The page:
If you’re like nine out of ten people diagnosed with hearing loss in Minnesota, South Dakota, or Iowa, your audiologist is likely to recommend treatment with hearing aids. Before you try them on, it’s best to have an idea about how they work. After all, you wouldn’t slide behind the wheel of a car if you didn’t know how to drive! October is National Audiology Awareness Month, the perfect opportunity to demystify hearing aids and give you an idea of just how radically they will change your life.
Hearing Aid Components
When it comes to choosing a hearing aid, the sky’s the limit! There are more than a half dozen major hearing aid manufacturers, and each has a full product lineup consisting of a variety of different styles. Selecting a hearing aid can feel overwhelming, but keep in mind that despite the many different types, all hearing aids do the same thing: they amplify sounds, so you are able to hear better and communicate more effectively.
The microphone picks up sound from the environment, converting it to electronic signals that are then sent to the amplifier. Microphones have gotten a lot smarter over the years and are now able to differentiate between speech and background noise, processing each differently for optimal hearing. Most of today’s hearing aids contain both directional and omnidirectional microphones that can pick up sound from multiple directions.
The amplifier, sometimes referred to as a processor, analyzes the electronic signals received from the microphone and converts them to digital signals which can then be manipulated. The signals are amplified to the levels necessary to compensate for your hearing loss, and feedback and other noises are reduced or cancelled.
Finally, the signal is sent to the receiver, where it is converted to audible sound and broadcast through a tiny speaker into the user’s ear via a thin wire or tube. Voila – you can hear!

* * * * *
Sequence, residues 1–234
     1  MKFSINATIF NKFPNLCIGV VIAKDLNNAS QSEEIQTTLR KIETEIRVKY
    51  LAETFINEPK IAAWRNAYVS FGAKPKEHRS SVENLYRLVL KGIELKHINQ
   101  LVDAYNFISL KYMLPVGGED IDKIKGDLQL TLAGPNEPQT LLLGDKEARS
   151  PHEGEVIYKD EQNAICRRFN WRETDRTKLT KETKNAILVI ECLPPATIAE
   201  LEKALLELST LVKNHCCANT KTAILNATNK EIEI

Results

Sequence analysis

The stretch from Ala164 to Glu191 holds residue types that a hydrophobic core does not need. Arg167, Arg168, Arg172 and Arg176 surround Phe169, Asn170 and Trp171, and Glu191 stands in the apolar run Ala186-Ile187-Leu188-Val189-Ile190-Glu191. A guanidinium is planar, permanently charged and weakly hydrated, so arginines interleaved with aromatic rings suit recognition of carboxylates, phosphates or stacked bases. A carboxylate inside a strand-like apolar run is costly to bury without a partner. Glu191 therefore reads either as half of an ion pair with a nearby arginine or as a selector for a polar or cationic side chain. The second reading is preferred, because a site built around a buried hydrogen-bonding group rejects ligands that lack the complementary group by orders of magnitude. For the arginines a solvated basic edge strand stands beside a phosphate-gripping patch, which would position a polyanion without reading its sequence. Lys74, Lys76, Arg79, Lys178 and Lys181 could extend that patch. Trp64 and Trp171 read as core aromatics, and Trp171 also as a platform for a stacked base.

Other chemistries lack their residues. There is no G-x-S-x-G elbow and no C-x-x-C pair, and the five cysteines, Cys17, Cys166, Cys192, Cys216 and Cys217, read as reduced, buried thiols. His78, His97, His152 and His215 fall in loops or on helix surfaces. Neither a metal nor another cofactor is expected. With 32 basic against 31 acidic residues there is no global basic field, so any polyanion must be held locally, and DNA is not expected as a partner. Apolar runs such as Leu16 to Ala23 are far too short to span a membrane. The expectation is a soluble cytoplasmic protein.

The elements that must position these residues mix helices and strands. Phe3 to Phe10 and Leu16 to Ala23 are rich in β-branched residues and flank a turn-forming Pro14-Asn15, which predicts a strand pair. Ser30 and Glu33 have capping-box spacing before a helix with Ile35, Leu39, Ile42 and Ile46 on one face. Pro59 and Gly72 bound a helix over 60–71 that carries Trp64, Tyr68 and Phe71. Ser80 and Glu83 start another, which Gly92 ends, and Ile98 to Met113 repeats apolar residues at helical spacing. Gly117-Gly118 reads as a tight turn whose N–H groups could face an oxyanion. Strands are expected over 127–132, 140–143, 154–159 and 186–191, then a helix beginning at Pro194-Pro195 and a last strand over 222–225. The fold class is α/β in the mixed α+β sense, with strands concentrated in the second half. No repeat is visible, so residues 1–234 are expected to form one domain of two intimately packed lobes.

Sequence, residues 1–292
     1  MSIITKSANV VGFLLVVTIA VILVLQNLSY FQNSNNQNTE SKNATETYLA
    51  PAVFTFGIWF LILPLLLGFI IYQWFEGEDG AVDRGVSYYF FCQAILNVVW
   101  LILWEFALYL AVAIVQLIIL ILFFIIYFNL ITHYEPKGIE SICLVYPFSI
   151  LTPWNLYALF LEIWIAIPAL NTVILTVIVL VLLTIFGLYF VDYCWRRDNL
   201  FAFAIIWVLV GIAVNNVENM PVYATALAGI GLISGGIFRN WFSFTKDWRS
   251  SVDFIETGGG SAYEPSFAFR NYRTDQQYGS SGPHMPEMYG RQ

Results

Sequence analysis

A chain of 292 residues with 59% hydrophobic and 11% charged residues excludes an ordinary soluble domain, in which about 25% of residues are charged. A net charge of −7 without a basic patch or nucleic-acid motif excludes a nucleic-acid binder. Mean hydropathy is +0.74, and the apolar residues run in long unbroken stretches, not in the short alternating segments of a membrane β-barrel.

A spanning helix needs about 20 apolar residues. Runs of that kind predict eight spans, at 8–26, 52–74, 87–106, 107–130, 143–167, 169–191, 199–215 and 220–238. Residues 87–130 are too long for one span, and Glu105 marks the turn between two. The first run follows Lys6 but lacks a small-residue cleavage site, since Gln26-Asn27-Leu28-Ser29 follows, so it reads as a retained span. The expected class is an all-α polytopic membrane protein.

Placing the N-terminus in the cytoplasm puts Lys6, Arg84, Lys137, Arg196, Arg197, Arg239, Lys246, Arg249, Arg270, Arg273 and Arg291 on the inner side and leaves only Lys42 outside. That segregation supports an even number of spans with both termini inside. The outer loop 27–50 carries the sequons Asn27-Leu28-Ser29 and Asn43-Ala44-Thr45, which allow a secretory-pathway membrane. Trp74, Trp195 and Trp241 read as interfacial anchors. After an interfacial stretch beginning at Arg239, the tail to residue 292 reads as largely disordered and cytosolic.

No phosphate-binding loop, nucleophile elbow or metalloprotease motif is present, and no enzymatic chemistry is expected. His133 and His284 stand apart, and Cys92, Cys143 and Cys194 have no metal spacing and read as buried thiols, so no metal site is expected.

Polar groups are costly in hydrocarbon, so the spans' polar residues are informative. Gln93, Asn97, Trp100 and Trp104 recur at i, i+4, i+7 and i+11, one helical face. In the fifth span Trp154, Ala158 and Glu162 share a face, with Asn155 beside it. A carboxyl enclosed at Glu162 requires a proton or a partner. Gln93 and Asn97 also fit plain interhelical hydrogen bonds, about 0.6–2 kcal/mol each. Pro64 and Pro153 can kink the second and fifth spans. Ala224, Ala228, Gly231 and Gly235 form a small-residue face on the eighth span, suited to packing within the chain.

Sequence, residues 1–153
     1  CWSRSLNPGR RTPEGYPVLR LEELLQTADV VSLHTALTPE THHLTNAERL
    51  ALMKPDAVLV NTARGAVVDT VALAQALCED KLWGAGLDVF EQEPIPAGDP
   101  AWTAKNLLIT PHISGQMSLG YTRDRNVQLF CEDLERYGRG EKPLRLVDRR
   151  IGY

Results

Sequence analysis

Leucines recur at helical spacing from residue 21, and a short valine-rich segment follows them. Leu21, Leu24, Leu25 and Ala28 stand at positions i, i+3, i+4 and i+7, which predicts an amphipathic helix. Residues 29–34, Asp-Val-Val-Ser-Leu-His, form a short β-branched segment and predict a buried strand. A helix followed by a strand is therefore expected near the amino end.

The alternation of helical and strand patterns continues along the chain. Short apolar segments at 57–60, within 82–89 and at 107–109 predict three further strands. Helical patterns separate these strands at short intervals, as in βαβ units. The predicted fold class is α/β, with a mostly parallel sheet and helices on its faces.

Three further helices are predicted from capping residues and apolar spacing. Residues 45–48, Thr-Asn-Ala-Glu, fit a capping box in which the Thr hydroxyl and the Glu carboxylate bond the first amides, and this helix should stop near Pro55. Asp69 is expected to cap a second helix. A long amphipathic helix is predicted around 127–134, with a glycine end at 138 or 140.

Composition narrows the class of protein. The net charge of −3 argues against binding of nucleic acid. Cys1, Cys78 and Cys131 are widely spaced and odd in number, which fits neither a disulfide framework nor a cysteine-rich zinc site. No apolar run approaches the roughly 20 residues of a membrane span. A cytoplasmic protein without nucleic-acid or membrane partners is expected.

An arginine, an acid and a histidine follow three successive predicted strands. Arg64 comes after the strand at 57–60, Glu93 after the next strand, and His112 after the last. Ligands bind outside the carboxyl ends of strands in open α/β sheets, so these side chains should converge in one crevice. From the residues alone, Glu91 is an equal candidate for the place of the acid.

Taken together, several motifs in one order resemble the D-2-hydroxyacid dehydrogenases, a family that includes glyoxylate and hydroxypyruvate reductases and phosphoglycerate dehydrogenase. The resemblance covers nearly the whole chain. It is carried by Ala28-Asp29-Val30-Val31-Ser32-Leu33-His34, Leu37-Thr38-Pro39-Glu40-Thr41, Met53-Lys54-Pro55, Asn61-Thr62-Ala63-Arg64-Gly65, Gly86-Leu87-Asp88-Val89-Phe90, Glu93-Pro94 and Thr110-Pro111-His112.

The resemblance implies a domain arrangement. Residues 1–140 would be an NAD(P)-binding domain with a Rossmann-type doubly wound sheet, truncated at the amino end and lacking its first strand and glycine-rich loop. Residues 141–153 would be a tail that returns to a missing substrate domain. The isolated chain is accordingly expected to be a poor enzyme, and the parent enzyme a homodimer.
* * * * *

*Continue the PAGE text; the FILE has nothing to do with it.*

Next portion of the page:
Additional Hearing Aid Parts
In addition to these basic components, hearing aids commonly include other parts, such as:
- A power source. Hearing aids require either disposable or rechargeable batteries in order to generate power.
- Earmold. The earmold, made of plastic or acrylic, provides an acoustic seal for the sound being transmitted into your ear canal. There are several different styles including canal, half-shell, and full-shell molds, depending on the type of hearing aid.
- Earhook. This tube connects to the receiver and loops over the top of the ear on behind-the-ear (BTE) style hearing aids.
- Vent. Allows for airflow and prevents a plugged-up sensation.
- Power and volume switches to turn the hearing aids on and off and adjust the intensity of the sound.
- Wax guards. This replaceable filter prevents earwax from entering and damaging the internal components of the hearing aid.
- Plastic tubing to transmit sound from the receiver to the earmold.
The exact features may vary depending on the type of hearing aid you choose. Your Midwest audiologist can answer any questions you have and is instrumental in helping you select a hearing aid that will be perfect for your unique hearing loss.